Adventure No I : 9th June ~ Slaughden @ Aldeburgh on the Alde Estuary
This is an online residency. The idea is to drop in snapshots of local landscapes that give a glimpse of Suffolk and its extraordinary beauty. Suffolk is a fair county. Many of its most remarkable qualities are fleeting by nature. They are gone in an instant – but often return.
Each month will present a selection of images from different parts of Suffolk and East Anglia. Many will be from the Alde Valley – one of the least developed of the river valley systems in East Anglia. Curiously, the Alde Valley is also superstore-free from the source of all its tributaries [the Fromus near Saxmundham, the Upper Alde Valley near Badingham and the Ore by Framlingham] to the sea. One consequence of this quirk of local planning policy is that the Alde Valley is also home to one of the UK’s most vibrant and innovative local food economies. [Visit www.aldeburghfoodanddrink.co.uk , www.snapemaltings.co.uk , www.aldevalleyspringfestival.co.uk for some tasters and more information].
The first collection of images come from Slaughden. There was a pub and a small settlement here until 1953, when a storm surge swept most of the buildings away. A martello tower survives, standing firm on the edge of the land. It is the last in a long line towers and fortifications that stretches round the coast as far south as Rye and Winchelsea in Kent. This northernmost outpost stands like an old molar tooth, buttressed by brickwork, concrete and Scandinavian boulders against the relentless erosion of the North Sea.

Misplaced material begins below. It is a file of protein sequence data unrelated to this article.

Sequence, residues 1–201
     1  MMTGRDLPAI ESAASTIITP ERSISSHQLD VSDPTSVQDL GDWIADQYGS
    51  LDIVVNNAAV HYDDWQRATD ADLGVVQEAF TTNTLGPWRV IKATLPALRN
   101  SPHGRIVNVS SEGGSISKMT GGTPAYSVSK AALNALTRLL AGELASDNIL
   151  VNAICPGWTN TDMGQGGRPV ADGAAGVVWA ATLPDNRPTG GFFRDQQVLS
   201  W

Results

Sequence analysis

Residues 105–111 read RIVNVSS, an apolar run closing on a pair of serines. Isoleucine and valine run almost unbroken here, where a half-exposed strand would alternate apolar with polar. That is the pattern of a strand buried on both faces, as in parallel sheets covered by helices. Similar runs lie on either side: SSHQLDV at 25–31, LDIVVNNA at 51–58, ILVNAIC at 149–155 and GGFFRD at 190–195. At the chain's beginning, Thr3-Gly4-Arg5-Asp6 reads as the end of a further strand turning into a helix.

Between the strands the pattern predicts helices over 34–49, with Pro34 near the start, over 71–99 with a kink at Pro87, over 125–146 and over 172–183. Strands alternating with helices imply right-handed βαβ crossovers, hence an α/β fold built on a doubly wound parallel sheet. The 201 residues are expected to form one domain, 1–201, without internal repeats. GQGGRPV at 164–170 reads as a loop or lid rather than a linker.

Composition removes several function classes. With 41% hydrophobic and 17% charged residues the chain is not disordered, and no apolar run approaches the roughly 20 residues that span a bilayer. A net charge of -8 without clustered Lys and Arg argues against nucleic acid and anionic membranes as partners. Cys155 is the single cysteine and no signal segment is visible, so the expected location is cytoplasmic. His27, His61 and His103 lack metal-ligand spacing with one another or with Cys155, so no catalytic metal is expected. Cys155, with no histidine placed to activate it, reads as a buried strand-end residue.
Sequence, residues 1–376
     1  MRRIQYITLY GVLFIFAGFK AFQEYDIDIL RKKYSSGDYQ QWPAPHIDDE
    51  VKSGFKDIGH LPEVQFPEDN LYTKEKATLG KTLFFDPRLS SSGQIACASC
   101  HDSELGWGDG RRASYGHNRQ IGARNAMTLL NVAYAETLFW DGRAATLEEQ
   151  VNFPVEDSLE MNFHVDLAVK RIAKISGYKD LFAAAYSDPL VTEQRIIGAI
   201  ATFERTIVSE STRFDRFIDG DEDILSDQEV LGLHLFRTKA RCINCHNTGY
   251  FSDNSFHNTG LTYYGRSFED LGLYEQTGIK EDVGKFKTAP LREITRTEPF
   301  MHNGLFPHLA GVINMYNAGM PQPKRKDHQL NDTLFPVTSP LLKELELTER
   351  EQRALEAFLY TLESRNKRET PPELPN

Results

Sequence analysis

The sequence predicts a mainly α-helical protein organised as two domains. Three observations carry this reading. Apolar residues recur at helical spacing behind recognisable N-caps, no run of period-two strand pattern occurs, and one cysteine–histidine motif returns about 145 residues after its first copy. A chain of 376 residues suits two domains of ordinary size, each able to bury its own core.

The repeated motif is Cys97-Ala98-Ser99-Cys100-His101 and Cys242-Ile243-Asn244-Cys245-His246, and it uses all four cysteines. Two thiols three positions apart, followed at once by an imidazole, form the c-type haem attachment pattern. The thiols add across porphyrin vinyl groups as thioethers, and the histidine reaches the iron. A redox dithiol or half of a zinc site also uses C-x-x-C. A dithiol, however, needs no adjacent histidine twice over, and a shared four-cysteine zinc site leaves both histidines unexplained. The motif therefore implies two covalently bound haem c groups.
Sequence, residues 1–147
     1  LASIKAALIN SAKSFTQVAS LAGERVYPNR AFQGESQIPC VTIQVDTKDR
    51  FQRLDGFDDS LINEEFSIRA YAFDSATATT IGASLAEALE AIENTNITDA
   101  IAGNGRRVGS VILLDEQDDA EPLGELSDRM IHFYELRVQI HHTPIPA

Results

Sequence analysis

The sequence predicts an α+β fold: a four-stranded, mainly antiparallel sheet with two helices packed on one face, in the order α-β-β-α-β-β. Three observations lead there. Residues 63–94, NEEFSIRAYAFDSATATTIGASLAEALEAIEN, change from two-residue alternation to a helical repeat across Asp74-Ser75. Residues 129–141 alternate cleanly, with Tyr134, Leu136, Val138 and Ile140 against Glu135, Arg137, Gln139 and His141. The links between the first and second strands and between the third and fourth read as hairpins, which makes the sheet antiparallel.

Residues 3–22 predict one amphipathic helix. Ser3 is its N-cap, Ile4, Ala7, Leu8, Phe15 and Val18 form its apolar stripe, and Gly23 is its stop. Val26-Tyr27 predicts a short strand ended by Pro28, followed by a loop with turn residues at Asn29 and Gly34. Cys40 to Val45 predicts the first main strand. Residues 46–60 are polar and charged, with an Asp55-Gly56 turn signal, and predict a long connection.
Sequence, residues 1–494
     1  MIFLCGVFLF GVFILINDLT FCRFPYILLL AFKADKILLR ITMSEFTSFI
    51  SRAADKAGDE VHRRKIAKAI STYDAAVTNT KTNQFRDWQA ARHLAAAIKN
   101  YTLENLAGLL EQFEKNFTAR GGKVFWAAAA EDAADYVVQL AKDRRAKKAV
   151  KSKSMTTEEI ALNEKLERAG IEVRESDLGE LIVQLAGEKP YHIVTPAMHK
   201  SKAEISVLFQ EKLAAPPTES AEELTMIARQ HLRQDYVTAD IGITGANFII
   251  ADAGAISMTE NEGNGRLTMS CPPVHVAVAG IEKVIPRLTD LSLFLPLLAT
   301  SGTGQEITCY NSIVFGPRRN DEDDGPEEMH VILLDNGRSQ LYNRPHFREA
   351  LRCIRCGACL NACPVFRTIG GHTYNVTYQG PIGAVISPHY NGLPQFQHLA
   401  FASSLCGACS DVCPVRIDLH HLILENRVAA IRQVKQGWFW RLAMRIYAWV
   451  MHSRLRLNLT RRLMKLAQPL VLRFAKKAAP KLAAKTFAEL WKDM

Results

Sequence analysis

As is so often the case, a weather front was rolling overhead. To the west, a long lip of broken clouds was curling along above the river and shoreline. Its underside was a bundle of soft tufts of cloud, darkened by half-fallen rain. To the east, over the sea, the sky was lighter and more open. In the distance two rain storms were drifting southwards over a shipping lane, heading towards Felixstowe.
Along the shore waves were coming in on a rising tide, staining dry stones a deeper brown as they reached higher and higher up the beach. Between the groynes, the action of the sea was piling stones up into mounds on one side and scouring them away on the other. Looking low out to sea over the shingle, the teak timbers, bolted tight to heavy uprights, seemed to be spouting water like the sides of a leaking galleon. The wet surface of the wood was the colour of rusted iron, but was reflecting the light of the sea like a mirror. Above, as always, seagulls roamed and wheeled on the wind. Some were gathered around cars, waiting for chips and morsels of battered fish to be flung from opened windows. Others, perhaps already full, were riding an evening breeze back to Orfordness. They do this when the wind is in the right direction, catching a sheet of updraft as it rises off over the river wall.
Jason Gathorne-Hardy, White House Farm, Great Glemham. 9th June 2011.
Drawings of seagulls from the Alde at Snape are currently on show at Snape Maltings Gallery and by appointment at the farm.